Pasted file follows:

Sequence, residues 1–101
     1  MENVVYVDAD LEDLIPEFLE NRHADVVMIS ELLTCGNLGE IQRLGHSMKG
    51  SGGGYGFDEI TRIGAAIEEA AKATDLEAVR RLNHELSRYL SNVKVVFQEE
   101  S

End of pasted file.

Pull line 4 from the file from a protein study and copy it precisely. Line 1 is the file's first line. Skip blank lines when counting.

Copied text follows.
   101  S